Hi, everyone. Welcome to today’s video. Today, we’re talking about everything about user acquisition. Specifically how to test user acquisition quickly. What you need from a data perspective. There’s about three things I want to look at today and we’ll jump right in by talking about UTM parameters. So when we think about user acquisition, we’re saying okay we’re going to buy traffic, or we can get traffic in some way or form, whatever way that is. Users are going to come to our website and we want them to take some kind of action. Maybe we want them to create an account, or sign up for something or maybe want them to download an app, so do like a mobile install.
Whatever it is, that’s the rough two steps. So, we need two pieces for that initially and there will be a third piece that I will talk about after. One, we need to know where users came from, so what are the UTM parameters that brought them here. And two, we want to be able to track that action. So tracking signups, tracking mobile installs, whatever that is.
For the first piece, what we call UTM parameters. This is something that we can append to our URL’s, that we use in our ads or in our social media posts or in whatever we’re doing to bring people back. And it simply tells analytics tools, tools like Google Analytics or tools like Heap or tools like Hotjar, basically any analytics tool out there, where the user came from. All right, if we don’t have those things, then the analytics tool will try and guess, will try and figure out, be like well, it looks like it’s the last website this user come from was Reddit or it looks like it was Facebook. So I’m gonna assume it was like a social user. But this is not very reliable, which is why we wanna ensure that we append them. So to do that let’s jump right in to this little spreadsheet here …. and let’s actually look at this one, a companion builder. That’s what we want.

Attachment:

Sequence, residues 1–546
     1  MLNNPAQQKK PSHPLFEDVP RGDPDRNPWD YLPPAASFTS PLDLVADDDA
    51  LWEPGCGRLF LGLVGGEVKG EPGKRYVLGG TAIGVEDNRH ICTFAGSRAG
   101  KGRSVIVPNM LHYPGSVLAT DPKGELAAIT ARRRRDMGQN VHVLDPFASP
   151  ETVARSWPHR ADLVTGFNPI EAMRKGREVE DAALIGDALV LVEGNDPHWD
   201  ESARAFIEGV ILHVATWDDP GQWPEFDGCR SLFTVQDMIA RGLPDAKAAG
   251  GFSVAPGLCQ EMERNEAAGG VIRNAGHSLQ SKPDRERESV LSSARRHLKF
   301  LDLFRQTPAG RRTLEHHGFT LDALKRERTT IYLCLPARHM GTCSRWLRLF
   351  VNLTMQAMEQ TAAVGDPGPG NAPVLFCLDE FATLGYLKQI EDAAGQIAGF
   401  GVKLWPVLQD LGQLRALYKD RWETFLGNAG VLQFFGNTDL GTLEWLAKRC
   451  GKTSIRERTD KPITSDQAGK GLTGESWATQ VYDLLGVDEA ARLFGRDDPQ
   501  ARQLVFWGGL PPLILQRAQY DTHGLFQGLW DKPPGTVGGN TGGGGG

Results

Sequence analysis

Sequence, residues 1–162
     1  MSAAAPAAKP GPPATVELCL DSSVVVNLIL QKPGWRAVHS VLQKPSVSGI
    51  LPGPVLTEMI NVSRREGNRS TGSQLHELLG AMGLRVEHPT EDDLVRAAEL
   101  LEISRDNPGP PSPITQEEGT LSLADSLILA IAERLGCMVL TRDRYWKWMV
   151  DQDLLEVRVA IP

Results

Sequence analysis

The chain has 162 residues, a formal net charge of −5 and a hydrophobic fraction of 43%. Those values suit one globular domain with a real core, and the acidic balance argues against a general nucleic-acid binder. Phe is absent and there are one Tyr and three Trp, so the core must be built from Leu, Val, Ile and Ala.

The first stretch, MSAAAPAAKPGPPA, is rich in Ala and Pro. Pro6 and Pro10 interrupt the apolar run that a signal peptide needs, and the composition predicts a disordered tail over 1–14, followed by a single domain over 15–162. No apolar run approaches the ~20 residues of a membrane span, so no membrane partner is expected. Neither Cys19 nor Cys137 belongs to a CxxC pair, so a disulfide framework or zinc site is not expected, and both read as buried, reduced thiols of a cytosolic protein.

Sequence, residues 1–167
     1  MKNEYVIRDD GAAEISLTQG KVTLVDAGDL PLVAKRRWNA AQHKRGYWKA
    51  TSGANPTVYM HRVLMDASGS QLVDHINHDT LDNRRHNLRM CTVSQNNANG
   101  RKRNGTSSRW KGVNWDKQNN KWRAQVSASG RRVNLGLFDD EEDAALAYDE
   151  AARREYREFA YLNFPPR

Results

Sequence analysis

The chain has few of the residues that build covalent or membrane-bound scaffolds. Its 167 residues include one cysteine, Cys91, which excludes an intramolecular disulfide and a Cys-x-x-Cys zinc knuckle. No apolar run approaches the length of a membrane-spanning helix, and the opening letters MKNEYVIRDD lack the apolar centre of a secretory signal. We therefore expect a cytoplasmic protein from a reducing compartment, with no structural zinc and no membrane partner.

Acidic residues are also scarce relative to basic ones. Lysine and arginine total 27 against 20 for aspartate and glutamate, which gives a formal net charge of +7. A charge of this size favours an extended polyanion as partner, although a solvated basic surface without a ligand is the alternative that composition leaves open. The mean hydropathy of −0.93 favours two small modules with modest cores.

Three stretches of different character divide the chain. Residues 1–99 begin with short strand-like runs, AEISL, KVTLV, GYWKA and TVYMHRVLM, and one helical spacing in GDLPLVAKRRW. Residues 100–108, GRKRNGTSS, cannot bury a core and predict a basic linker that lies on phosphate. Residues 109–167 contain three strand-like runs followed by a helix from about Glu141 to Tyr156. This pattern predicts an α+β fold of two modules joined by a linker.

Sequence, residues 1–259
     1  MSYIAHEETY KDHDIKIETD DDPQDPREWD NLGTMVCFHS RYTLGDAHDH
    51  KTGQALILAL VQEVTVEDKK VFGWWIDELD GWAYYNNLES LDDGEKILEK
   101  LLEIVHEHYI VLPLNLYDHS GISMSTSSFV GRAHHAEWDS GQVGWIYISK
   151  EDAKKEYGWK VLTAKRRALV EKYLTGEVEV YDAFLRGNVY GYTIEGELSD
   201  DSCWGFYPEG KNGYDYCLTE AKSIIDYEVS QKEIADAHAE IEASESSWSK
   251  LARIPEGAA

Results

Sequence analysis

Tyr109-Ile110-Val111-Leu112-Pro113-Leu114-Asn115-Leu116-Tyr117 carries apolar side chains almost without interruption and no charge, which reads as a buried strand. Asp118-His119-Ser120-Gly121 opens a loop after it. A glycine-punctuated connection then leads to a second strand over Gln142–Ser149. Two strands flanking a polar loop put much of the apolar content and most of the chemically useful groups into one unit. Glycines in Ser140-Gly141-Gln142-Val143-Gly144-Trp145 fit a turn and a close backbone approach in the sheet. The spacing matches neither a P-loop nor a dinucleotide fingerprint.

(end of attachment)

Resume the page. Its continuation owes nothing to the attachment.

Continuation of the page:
So this is a tool by Google and what we can do here is we can start by adding your URL. So http, you know example.com and then we have 5 UTM parameters to play with, Source, medium, name, term, and content. I always recommend that you use source and medium in everything and probably campaign, at the very minimum. So at the very minimum those two, next it will be campaign and then term and content is sort of our bonus points. So what we do is we say okay, let’s see we’re gonna be posting … Let’s say we’re gonna running some Facebook ads. So we’re gonna run some Facebook ads, so the source of this will be Facebook and the medium, we’re buying them so let’s do CPC. Click and campaign, we’ll simply take the campaign of our Facebook ads, actually. So we’ll call it Facebook ads beta test or something. Maybe that’s what we called it.
Now, we go down here, we get the same URL, example.com and then this appended to it. So this is the UTM parameters. So now, when a user clicks on this link, they still go to the home page. They still see the same thing. And really, this doesn’t change anything for them. But, the analytics tools pick it up. So Google Analytics will pick it up and any other analytics tools will pick it up. Right? And they’ll know that that user, when they landed, they came from Facebook with a minimum of CPC and so on. And you’ll be able to break that apart.
Now, if you want to see what it looks like … let’s jump into Google Analytics here. Let me show you the typical Google Analytics report, the Channels report. Here we have different types of traffic but we can break it up by Source and Medium, for example. And this is UTM source, UTM medium, in our case it was Facebook and CPC. And now, we get that combination here. So now, we can see how many users came from this very specific combination here and here and here and here. And it’s companies, of course, setting their own [inaudible 00:04:16], their own UTM parameters. So that’s where it becomes helpful.
You want to be able to create URLs like this. Now, let me go back to the spreadsheet. The spreadsheet is usually the easiest way to do this, where you can just type a URL, type a campaign, and then type them here, and then it here at the end. Right, we get this. But you still see the URL here with the UTMs. And the spreadsheet, which is simply helping keep it organized. You want to be consistent. If you’re doing a bunch of different campaigns on Facebook, you probably want to use the same source and medium because it’s still the same thing, it’s still Facebook ads. If then go on and do, say Google AdWords, then you’ll change the source from Facebook to Google, but the medium is still the same. It’s still CPC.